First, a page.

The Closet (2020) Review: A Struggle Of Two Narratives

It would be pretty hard to sell you on the idea of a movie about a haunted closet but as simple as it is, that is the premise behind the south korean film entitled The Closet.

CJ Entertainment

Unlike Train to Busan (2016) and Peninsula (2020), The Closet looks to get back to the roots of a pure horror genre and it is a film that almost manages to stick it’s landing as a solid film.

We begin with our main character Sang-won (Ha Jung-woo) who is trying to put his life back together after his wife dies in a tragic car accident that he was involved in.

His daughter Ina (Huh-yul) is still coping with the mental and emotional distress of surviving the crash and dealing with the loss of her mother which has strained their relationship. They decide to move to a big house in the country where the clean air and quiet surroundings are to help in their recovery. What they don’t know is that the closet inside Ina’s bedroom has a dark past that killed a woman over 22 years earlier. A portal to a dark realm threatens to pull their family apart even further and puts everyone’s life in danger.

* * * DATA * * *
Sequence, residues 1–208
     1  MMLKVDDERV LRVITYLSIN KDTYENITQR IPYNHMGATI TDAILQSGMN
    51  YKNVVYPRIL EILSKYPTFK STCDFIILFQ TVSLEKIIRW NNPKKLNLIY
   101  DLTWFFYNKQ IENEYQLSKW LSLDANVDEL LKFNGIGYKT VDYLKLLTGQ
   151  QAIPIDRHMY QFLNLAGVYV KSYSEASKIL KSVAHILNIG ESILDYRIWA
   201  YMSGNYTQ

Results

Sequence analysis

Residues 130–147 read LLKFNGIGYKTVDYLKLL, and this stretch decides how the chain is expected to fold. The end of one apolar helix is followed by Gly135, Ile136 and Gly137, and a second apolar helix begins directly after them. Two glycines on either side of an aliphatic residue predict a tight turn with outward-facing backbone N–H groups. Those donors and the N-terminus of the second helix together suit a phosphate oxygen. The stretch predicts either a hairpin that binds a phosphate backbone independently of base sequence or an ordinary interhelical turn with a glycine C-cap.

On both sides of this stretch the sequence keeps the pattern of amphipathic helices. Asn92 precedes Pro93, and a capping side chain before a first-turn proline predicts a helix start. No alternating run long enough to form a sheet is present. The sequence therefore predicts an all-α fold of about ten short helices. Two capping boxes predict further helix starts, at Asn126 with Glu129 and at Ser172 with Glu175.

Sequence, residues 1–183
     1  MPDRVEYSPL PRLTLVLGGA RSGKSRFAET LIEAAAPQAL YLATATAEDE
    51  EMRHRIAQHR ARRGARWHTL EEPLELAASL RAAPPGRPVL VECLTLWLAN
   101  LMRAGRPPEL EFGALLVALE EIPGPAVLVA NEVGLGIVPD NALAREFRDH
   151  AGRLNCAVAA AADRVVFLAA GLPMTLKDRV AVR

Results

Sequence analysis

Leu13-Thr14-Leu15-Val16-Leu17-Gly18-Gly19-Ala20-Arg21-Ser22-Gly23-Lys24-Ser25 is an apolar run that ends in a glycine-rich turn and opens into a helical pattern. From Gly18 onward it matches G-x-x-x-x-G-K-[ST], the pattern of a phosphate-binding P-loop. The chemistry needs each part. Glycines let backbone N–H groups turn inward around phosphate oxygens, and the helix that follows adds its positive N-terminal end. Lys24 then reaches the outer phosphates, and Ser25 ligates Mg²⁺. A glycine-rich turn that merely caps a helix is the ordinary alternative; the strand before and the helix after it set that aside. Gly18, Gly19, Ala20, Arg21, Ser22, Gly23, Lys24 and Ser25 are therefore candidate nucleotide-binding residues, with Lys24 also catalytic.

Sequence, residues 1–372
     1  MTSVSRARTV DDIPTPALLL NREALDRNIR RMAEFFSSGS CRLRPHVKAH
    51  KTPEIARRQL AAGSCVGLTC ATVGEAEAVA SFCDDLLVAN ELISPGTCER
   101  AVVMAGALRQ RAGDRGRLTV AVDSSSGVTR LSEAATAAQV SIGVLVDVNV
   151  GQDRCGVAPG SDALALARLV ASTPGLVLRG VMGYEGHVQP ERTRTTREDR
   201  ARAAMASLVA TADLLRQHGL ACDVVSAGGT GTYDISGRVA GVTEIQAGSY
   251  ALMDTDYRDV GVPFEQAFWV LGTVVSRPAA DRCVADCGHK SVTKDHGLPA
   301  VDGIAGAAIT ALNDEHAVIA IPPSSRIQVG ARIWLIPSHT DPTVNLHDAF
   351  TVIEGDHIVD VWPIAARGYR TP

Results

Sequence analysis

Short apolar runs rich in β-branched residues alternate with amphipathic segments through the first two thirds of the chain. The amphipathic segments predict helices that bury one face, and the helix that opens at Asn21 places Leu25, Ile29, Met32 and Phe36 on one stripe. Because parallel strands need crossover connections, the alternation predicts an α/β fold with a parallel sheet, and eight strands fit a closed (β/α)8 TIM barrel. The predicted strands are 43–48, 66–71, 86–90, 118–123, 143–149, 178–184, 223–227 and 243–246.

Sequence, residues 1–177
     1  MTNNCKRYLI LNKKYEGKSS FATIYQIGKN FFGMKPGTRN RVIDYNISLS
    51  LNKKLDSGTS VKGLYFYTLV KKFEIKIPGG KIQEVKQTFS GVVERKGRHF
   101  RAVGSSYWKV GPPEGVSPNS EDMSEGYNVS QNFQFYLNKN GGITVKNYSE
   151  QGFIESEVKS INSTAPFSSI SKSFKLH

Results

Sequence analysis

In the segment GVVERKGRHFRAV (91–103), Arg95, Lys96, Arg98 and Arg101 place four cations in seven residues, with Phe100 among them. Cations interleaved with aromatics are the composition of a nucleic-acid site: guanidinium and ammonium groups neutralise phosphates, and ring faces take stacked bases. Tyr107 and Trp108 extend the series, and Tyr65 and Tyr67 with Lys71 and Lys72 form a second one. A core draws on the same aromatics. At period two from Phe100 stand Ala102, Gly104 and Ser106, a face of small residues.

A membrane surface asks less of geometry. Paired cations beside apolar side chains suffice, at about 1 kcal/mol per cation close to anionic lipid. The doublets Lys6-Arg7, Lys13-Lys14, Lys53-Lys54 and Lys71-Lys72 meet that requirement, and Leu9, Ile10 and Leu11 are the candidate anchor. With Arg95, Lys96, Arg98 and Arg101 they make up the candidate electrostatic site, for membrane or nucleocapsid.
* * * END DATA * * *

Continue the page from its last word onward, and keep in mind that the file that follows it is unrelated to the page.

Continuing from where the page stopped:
CJ Entertainment

The Closet is often accused of being an “Americanized horror film” due to its emphasis on scares rather than the substance of the story. One of the biggest problems that persist here is that the theme flirts with having a message regarding the pain of loss and the mental pain of a loss of life. However, that element is presented far too late into what is a mediocre horror film with a paint by numbers storytelling. 





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